2012 Sprudgie Award recipient Oliver Strand writes on the true cost of single-cup convenience pods (very costly) versus, say, Stumptown’s Grand Cru offering (decidedly less costly):

In fact, most high-end coffees cost less than $20 a pound, and the coffees you find on supermarket shelves are substantially cheaper. A bag of Dark Espresso Roast beans at Starbucks is $12.95 a pound, and a bag of Eight O’Clock beans for brewed coffee at the Food Emporium is $10.72 a pound.

When it comes to single-serve systems, you’re not just paying for coffee, you’re paying for convenience and the technology that makes it possible to brew a single cup in seconds. Pop in the pod, push the button: it’s a sure thing every time. Supermarkets and specialty stores are filled with items that make it easier on you, and it’s up to the shopper to determine if it’s worth it.

Some decisions are easy (rendered pork fat, fresh pasta); others are a toss-uap depending on who’s in the kitchen (chicken stock, salad dressing). Where single-serve coffee falls on that spectrum depends on whether you regard coffee as something you make or something you drink.

[Ed. note: For us, wine is something we open and something we guzzle.]

James Hoffmann quickly followed with a post inspired by Mr. Strand’s article:

I’m not suggesting poor business practices amongst great roasters- but think about the possibilities for sourcing and financing great coffees, or building relationships that drive up quality, that Nespresso’s retail price point would give a specialty roaster. Nespresso have been pretty smart in their purchasing practices – certainly an entirely different animal to their parent company Nestle.

Ric Rhinehart’s quote in the NYT piece gets to the heart of things: Selling by serving is a lot easier, more tangible and yet somehow more affordable to most people. Selling by the serving has an out of home retail benchmark. In conversation on this topic Ric pointed out that many people don’t benchmark their K-Cup against a cup of black coffee from Starbucks (less than $2), instead they compare it to what they might have at a cafe, usually something much more expensive ($3.50+).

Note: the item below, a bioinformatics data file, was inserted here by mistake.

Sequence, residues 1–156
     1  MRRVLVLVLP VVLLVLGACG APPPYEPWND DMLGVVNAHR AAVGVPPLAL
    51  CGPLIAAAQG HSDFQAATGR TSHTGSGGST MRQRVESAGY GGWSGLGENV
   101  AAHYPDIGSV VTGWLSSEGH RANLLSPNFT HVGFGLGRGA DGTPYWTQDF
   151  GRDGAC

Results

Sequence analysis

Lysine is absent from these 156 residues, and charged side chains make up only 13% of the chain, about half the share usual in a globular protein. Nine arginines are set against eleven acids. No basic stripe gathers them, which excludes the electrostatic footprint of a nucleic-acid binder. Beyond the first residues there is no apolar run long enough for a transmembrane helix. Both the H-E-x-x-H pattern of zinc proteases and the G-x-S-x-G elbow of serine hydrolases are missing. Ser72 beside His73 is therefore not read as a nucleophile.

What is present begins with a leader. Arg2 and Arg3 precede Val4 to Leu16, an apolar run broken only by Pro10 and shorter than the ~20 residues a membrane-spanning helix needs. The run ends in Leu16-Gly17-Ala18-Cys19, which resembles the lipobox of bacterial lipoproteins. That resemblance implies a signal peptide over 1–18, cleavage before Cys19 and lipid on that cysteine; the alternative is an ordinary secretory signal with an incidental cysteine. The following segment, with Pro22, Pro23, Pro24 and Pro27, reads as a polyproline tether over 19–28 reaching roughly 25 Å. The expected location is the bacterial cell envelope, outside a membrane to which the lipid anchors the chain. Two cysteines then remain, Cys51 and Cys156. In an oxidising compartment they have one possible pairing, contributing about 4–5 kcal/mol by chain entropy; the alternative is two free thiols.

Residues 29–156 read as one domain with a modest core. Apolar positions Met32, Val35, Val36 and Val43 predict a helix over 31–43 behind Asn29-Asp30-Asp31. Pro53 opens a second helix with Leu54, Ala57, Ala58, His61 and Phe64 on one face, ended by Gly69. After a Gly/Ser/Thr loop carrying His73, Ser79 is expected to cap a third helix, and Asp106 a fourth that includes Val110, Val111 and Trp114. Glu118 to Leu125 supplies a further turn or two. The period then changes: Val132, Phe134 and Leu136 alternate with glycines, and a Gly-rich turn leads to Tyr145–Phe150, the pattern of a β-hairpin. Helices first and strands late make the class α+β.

Both Mr. Strand and Mr. Hoffmann’s articles point towards an unavoidable crux: single-cup brewers are enormously popular, profitable, and accessible. They won’t be going away any time soon. Mr. Strand cites Keurig as selling 4 million K-Cup brewers in the lead-up to Christmas, while Mr. Hoffmann cops to being “impressed, demoralised and a little inspired all at once” by Nespresso’s media presentation at a recent European coffee event.

“Impressed, demoralized and a little inspired” is a maxim for how a lot of people in specialty coffee feel about the recent surge of single-cup brewers. We’ve openly mocked the cult of Nespresso, while later defending the specialty coffee community’s right to cash in on K-Cup megabucks. And larger manifestations of that cash in are coming: Alterra’s national distro deal with Mars affords them some degree of cultural cover for their pods, but it’s only a matter of time before one or more larger uber-specialty coffee roasters begin offering a single-cup product in their retail shops.

It will likely be as environmentally low-impact as possible, it will probably make a cup that tastes much better than what’s currently out there, consumers will get an info-sheet on the featured farms…

But it will be a single-cup product. Our prediction? The first uber-specialty coffee company with a direct and unapologetic boutique-style offering for this market stands to absolutely rake.